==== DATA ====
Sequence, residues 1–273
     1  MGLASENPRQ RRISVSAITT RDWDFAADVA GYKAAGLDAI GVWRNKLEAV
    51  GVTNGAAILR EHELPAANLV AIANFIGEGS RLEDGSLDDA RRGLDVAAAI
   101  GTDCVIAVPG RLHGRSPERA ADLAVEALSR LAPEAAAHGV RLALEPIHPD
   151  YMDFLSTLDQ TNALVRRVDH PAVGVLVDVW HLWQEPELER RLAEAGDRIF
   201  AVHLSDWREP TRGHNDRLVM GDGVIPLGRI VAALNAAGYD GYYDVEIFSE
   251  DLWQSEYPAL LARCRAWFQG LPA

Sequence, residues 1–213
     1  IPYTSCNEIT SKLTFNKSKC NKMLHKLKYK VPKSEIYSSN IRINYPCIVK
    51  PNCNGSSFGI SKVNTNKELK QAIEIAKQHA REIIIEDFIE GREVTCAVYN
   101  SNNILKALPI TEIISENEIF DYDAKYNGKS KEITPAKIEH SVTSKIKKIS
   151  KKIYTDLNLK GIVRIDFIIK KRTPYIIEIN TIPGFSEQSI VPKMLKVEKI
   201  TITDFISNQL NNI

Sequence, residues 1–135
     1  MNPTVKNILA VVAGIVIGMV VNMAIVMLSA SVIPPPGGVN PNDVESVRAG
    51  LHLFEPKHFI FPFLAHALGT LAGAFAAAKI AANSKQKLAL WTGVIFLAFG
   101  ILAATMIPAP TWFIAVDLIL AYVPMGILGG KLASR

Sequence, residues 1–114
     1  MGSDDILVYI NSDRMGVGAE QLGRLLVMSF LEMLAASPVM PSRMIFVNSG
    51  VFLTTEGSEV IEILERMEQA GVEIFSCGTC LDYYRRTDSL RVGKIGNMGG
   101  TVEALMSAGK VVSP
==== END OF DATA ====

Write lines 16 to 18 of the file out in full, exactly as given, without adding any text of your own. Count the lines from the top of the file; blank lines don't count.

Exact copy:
    51  LHLFEPKHFI FPFLAHALGT LAGAFAAAKI AANSKQKLAL WTGVIFLAFG
   101  ILAATMIPAP TWFIAVDLIL AYVPMGILGG KLASR

Sequence, residues 1–114